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Math 442 - Introduction to MATLAB

Glenn Lahodny Jr.

1 Introduction
In this course, we will make frequent use of the MathWorks software package MATLAB.

1.1 Starting MATLAB


Let us begin by starting MATLAB. There are several ways which you can access MATLAB
at Texas A&M University.

1.1.1 How to Start MATLAB in a Calclab Room


The easiest way to access MATLAB is in a calclab room (e.g. BLOC 122).
1. Log in to your calclab account using your NetID and password.
2. Click Start, Mathematics, Matlab.
A schedule of the calclab rooms can be found at http://calclab.math.tamu.edu/.

1.1.2 How to Start MATLAB in an Open Access Computer Lab


You can access your calclab account from any open access lab with the NX client.
1. Log in with your NetID and password.
2. Click Start, All Programs, Communications, NX Client for Windows.
3. Choose calclab1.math.tamu.edu as your host.
In setting up this connection you can create an icon on the desktop that will automatically
connect to your calclab account.

1.1.3 How to Access MATLAB from Home


A copy of MATLAB 2014-2015 for Windows is available for free at http://software.tamu.edu.
You can also access MATLAB using the Texas A&M Virtual Online Access Library (VOAL).
1. Open Internet Explorer and go to https://voal.tamu.edu.
2. Allow the required add-on to run.
3. Sign in using your credentials.
4. Click VOAL1 (or other depending on the time of day) and then OK.
5. Click Start, All Programs, Applications, MATLAB 2012a (or current version).

1
1.2 The MATLAB Interface
The default MATLAB screen is divided into four windows.

1. Command Window (Where calculations are carried out)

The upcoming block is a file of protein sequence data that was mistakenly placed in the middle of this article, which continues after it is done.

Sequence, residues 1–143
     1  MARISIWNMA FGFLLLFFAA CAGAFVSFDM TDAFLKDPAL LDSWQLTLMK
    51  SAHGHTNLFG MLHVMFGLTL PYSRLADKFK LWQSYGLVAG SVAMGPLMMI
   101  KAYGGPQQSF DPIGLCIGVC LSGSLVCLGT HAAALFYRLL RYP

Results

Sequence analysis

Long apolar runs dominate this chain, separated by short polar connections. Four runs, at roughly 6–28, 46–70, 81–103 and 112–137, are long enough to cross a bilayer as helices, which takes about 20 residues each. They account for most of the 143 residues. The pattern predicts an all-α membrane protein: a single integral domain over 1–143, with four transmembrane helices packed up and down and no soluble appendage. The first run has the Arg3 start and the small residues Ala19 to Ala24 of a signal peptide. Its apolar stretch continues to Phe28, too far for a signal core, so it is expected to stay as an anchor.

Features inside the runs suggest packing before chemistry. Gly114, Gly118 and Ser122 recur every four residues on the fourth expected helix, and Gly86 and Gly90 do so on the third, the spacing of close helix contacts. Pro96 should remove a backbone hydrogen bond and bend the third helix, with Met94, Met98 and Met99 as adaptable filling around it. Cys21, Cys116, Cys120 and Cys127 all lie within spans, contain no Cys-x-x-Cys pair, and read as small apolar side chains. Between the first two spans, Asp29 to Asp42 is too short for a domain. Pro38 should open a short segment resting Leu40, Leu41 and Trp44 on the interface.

2. Current Folder (Displays the current directory)

3. Workspace (Displays variables and information about variables)

4. Command History (Displays commands typed in current and previous sessions)

1.3 Basic Calculations in MATLAB


The following is a list of algebraic operations used in MATLAB:
Addition Subtraction Multiplication Division Exponentiation
+ - * / ^

The following is a list of some elementary quantities and functions used in MATLAB:

√π pi
−1 i
|x| abs(x)

x sqrt(x)
ex exp(x)
ln(x) log(x)
sin(x) sin(x)
cos(x) cos(x)
tan(x) tan(x)
sin−1 (x) asin(x)
cos−1 (x) acos(x)
tan−1 (x) atan(x)

A full list of elementary functions can be found in the MATLAB help menu.

Example: Use MATLAB to evaluate the following expressions.

(a) |2π 3 − 5|

(b) π 2 − 1

(c) e3 ln(2)
2 π
 
(d) sin + sec(3)
3

2
1.4 Formatting Numerical Output in MATLAB
By default, MATLAB displays all numerical output using four decimal places. If further
accuracy is needed, then additional decimal places can be displayed.

Enter the following commands in the command window:


>> 1+1/2
>> format long
>> 1+1/2
>> format rat
>> 1+1/2
>> format short
>> 1+1/2

1.5 Defining Variables in MATLAB


Variables can be assigned particular values to be used in later calculations. All variables
which have been defined, along with their values, are displayed in the workspace window.

Enter the following commands in the command window:


>> x=5;
>> y=x+15;
>> z=sin(y)
>> v=1:50;
>> who
>> whos

Enter the following commands into the command window:


>> clear z
>> clear

1.6 Creating a Diary File


In this course, you may be required to turn in a log of MATLAB commands you entered
along with the MATLAB output. This can be done using the diary command.

Enter the following commands into the command window:


>> diary Script1.txt
>> % Your Name
>> % MATH 442 - Mathematical Modeling
>>
>> x=1;
>> atan(x)
>> diary off

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This creates a text file Script1.txt in the current directory (which can be identified in the
current directory window) which records the commands that follow, along with MATLAB’s
responses, until the command diary off is entered.

To print the text file Script.txt, follow the xprint instructions posted in the Blocker lab. That
is, open a terminal window by clicking the terminal icon from the bottom of your screen and
enter the following command:

xprint -d blocker Script1.txt

You will be prompted to give your NetID and password. The file will be printed in Blocker
130.

1.7 Getting Help in MATLAB


The command help is extremely useful when working in MATLAB. Simply enter this com-
mand in the command window to access help on many MATLAB commands. For help on
a particular topic, such as the differentiation command diff, enter the command help diff in